Born June 16, 1997, in Dnepropetrovsk, Ukraine, Dolgopyat moved with his family to Israel in 2009. He finished 10th all-around, fifth on vault and eighth on floor exercise at the 2014 Youth Olympic Games in Nanjing.

Last year Dolgopyat placed 22nd all-around at the European Championships in Montpellier, won gold on floor exercise at the Challenge Cup of Osijek and was fifth on floor exercise at the Challenge Cup of Varna.

Dolgopyat's standout performances in 2016 included fourth place on pommel horse and seventh place on floor exercise at the Challenge Cup of Baku, and fourth place on floor exercise at the Challenge Cup of Varna. He was also a member of Israel's 17th-place team at Europeans, where he competed on every apparatus but rings.

December has been a busy month for Dolgopyat, in and out of the gym. He and some of his Israeli teammates spent time training in Minsk. Dolgopyat is celebrating Hanukkah (which begins Saturday evening) and New Year's Eve with his family.

Although a clip of Dolgopyat training a triple front on floor into a pit went viral this year, his focus is on other skills as he prepares for 2017.

"I am working on a new combination, but the combination has not yet been confirmed," he said. "Regarding the triple front, I cannot say anything. At the moment I'm working on a triple back."

 
Written by Amanda Turner    Thursday, 22 December 2016 01:13    PDF Print
Gymnastics Wins Big at Dutch Year-End Awards
(1 vote, average 5.00 out of 5)



Gymnastics picked up three trophies Wednesday night at the Dutch Olympic Committee-Dutch Sport Federation's year-end gala. Olympic champion Sanne Wevers won Sportswoman of the Year, while her coach and father Vincent Wevers won Coach of the Year. Pictured: The Wevers family on the red carpet, with Sanne on the right and her twin, Lieke, on the left, flanking parents Gemma and Vincent.

Gymnastics picked up three trophies Wednesday night at the Dutch Olympic Committee-Dutch Sport Federation's year-end gala in Amsterdam, with victories for Olympic champion Sanne Wevers (Sportswoman of the Year), Vincent Wevers (Coach of the Year) and Eythora Thorsdottir (Young Talent of the Year).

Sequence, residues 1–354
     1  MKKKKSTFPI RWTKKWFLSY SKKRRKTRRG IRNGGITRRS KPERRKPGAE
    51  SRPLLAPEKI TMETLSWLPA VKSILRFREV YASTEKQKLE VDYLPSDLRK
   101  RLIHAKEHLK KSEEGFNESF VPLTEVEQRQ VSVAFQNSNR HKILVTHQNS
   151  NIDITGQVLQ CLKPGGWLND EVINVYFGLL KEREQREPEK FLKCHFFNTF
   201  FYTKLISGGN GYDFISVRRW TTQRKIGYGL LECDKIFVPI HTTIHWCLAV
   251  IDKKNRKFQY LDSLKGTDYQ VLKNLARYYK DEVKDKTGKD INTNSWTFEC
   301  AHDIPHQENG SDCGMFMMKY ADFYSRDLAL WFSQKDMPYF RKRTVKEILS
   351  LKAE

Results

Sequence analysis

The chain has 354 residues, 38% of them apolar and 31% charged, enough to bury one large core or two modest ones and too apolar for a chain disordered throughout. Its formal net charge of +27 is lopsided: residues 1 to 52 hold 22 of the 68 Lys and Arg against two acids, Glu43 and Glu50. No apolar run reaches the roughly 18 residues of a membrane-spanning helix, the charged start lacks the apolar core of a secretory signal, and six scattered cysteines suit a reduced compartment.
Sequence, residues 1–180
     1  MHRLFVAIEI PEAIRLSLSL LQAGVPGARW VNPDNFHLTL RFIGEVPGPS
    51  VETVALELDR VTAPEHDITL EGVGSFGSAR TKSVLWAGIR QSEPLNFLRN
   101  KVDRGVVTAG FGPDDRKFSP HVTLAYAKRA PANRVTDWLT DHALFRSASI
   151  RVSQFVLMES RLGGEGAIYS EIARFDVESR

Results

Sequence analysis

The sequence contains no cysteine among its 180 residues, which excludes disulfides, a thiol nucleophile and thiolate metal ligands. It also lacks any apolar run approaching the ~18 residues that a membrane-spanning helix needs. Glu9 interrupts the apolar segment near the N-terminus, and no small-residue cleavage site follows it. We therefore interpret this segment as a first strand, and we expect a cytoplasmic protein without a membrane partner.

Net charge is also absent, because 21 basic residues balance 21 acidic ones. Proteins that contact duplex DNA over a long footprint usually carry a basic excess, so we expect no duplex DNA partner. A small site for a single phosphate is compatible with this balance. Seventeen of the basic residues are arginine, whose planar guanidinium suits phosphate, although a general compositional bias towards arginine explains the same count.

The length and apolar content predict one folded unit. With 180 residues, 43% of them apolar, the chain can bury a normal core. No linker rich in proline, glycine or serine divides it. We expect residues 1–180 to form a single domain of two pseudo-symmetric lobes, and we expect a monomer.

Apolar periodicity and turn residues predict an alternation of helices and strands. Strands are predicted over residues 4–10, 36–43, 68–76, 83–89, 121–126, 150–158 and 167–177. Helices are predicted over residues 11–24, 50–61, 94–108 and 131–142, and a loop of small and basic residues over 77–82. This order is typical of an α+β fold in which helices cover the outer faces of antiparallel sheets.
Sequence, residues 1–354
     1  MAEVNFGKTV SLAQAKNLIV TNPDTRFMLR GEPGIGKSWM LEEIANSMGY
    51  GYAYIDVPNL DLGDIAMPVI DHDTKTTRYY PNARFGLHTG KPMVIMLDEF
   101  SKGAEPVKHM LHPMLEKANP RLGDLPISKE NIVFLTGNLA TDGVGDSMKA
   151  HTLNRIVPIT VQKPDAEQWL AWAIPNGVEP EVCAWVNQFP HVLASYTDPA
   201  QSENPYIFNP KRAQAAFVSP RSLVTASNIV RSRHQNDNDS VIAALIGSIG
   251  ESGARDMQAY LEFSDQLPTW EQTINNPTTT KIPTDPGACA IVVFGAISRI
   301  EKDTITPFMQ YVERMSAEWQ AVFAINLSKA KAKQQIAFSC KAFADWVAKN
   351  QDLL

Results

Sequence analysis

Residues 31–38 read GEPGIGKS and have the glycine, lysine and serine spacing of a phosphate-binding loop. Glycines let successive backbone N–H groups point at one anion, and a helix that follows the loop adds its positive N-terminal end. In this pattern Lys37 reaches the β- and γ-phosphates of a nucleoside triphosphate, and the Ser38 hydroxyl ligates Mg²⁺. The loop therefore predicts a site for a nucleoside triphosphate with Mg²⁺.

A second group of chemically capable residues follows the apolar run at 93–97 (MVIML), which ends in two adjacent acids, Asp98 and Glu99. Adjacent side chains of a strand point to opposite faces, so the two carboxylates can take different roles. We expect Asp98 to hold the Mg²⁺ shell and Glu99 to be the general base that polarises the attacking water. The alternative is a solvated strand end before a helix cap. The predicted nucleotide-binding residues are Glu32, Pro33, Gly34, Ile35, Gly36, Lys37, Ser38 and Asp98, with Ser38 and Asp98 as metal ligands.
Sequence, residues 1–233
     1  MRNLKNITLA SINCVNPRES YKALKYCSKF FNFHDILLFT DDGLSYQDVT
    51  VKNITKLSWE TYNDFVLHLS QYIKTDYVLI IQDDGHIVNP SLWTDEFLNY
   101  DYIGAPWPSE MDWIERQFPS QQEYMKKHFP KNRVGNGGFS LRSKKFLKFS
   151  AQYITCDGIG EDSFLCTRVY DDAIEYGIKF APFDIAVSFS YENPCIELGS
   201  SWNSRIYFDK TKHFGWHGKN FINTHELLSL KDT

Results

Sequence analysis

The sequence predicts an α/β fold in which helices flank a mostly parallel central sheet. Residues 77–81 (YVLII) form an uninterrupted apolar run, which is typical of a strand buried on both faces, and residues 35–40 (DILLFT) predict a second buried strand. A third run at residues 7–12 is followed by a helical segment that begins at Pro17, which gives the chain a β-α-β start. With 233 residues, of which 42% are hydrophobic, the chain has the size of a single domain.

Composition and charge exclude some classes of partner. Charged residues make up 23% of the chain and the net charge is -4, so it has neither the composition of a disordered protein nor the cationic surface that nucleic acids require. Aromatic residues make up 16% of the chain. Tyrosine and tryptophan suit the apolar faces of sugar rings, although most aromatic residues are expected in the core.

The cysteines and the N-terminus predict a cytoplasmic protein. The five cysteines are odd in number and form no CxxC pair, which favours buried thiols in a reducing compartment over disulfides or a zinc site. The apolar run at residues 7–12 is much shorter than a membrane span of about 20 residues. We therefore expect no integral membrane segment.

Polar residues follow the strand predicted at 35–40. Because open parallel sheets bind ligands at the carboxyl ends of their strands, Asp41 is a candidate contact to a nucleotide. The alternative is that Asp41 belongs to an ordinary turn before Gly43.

Eythora Thorsdottir won Young Talent of the Year

Sanne Wevers, whose original and nearly flawless routine in the Olympic balance beam final won her the first-ever individual Olympic gold for a Dutch female gymnast, won Sportswoman of the Year.

Wevers is the sixth Dutch gymnast to win the honor after Klaas Boot (1959), Ans van Gerwen (1972), Verona van de Leur (2002), Yuri van Gelder (2005) and Epke Zonderland (2009, 2010, 2012, 2013). The winners are selected by Dutch journalists.

"It's fantastic to be able to receive this great prize," the 25-year-old Wevers told the audience at the RAI Arena. "It was a great year in which I lived up to my dream. My heart is through the roof here. As a little girl, I'd always dreamed I'd be able to make it to the Olympics, a dream all gymnasts hope. In Rio I got emotional the day before the (balance beam) final. I realized that everything was worth it; all the sacrifices and work. Everything had been a success."

Vincent Wevers won Coach of the Year following the Netherlands' success in Rio de Janeiro. The team's surprise decision to skip the European championships in the spring to focus on the Olympic Games paid off big in August. In addition to Sanne's gold medal on balance beam, the Dutch women placed seventh in the team final and Thorsdottir ninth in the all-around. Sanne's twin sister, Lieke Wevers, also qualified to the all-around final, finishing 20th.

"[This is] a very special honor," said Vincent Wevers, who especially thanked his daughters. "You'd be lucky just to coach two athletes like that every day. Therefore I'm twice as lucky because I'm also their father."